At Utah Business Consultants, we’re here to ensure your business exit planning and sale processes go smoothly. We’ve seen a number of mistakes made by various parties while selling a business during our years in the field, and our business brokers are here to help you avoid all these while getting maximum value for your business – all without a major hassle or time constraint.
When the sale of a business breaks down or fails to close properly, there are a few different parties or root causes that might be at fault. Today, we’ll begin a two-part blog on this subject by looking at the two most common parties involved here: The seller of a business and the buyer.
There are a number of mistakes a seller can make during the process that might derail a sale, many of which can be avoided simply by having brokers like ours available to help you out. Here are a few of the most common:
- “Testing the waters”: In some cases, sellers aren’t entirely serious about selling the business to begin with. They may not have a great reason for entering the process to start with, which will lead to a lack of willingness to negotiate. They may also simply be testing the waters, so to speak, and trying to determine whether prospective buyers will pay a certain price range. Business sales are complex and require a full commitment to get done properly.
- Lack of honesty: One big mistake a potential seller can make, and one that could have legal ramifications in some cases, is being dishonest about any part of the business or the sale situation. Some may try to hide income or debt issues from buyers, or may not disclose important details like multiple owners or new competition entering the marketplace.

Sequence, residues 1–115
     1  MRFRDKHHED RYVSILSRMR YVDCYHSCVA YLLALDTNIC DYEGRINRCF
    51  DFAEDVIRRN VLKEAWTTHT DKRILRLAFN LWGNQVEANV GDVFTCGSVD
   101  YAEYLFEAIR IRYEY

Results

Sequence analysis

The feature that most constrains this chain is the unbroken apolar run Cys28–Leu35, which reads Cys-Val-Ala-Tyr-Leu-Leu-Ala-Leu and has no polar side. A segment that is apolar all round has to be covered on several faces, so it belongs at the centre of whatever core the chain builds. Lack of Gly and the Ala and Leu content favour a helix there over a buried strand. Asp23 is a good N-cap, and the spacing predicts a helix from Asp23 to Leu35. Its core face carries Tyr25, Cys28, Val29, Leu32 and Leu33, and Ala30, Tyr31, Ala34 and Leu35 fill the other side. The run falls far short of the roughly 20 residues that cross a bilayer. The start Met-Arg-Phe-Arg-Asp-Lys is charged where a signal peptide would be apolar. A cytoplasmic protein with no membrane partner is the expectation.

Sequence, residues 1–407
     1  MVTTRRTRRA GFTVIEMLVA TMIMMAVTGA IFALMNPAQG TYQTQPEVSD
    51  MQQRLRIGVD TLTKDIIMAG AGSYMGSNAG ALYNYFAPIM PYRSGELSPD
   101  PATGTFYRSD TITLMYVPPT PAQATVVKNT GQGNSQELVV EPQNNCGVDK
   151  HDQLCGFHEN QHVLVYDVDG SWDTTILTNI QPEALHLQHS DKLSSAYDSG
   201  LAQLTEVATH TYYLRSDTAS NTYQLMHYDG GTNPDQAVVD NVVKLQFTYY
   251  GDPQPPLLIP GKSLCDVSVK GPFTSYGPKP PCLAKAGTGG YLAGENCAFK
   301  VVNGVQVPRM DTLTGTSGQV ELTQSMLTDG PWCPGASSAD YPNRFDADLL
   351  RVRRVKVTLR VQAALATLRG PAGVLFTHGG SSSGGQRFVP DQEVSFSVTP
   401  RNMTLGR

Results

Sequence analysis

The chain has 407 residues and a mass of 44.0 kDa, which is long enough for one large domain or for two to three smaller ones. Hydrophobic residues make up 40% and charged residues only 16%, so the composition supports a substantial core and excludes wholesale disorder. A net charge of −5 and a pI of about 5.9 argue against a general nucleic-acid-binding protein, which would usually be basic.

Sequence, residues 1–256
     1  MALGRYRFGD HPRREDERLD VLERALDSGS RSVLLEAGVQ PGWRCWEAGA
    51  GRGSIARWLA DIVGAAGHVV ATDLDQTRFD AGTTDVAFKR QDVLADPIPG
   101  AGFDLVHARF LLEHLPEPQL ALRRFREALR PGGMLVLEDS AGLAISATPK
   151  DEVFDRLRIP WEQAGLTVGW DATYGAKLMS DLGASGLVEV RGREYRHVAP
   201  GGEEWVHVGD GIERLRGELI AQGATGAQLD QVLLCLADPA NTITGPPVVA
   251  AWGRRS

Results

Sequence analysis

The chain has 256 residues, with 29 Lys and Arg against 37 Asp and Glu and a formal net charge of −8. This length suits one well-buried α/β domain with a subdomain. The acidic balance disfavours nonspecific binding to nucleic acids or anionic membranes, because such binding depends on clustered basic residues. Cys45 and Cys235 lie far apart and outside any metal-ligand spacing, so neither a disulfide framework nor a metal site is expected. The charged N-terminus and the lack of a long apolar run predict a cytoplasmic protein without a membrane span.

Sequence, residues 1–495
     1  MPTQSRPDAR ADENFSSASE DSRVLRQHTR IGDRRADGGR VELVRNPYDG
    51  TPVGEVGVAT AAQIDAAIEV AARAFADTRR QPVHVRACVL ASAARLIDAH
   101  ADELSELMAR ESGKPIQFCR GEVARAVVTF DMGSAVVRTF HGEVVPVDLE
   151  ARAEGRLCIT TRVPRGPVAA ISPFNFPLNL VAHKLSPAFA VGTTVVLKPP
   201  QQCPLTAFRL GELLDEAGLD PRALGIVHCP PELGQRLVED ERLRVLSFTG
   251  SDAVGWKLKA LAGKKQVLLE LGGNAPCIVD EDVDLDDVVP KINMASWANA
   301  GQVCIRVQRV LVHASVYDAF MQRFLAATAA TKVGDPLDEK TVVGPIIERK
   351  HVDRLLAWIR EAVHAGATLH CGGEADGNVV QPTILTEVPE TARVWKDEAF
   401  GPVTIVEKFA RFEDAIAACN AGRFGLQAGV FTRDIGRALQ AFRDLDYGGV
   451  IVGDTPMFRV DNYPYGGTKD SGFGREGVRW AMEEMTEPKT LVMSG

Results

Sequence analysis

- Unrealistic price: Many sellers do earnestly want to sell, but they’re totally unrealistic about the price they’re asking. The marketplace defines the demand for your business, so if offers aren’t coming close to the valuation you’re placing on your business, you may have to reconsider it.
- Changes: Some sellers wait until finding a buyer before checking with tax and legal advisors about the basics of the sale – this can cause deal terms to be altered, and the buyer may not stick with the deal at this point.
- No urgency: Buyers have different wants and needs, and they may begin a negotiation with good intentions but realize as things progress that they aren’t as interested. This isn’t really an element of “fault” per se – many sales just don’t work out for basic reasons like this.
- Commitment: Buying a business takes time and commitment, just like selling one. Some buyers simply aren’t prepared to do that work, or don’t care enough about the potential acquisition to do so.
- Expectations: Buyers can be unrealistic about things like prices and details, just like sellers can. Many may not be educated on the ins and outs of small business operations or valuations.
For more on the factors that can derail a business sale, or to learn about any of our exit planning or business valuation services, speak to the staff at Utah Business Consultants today.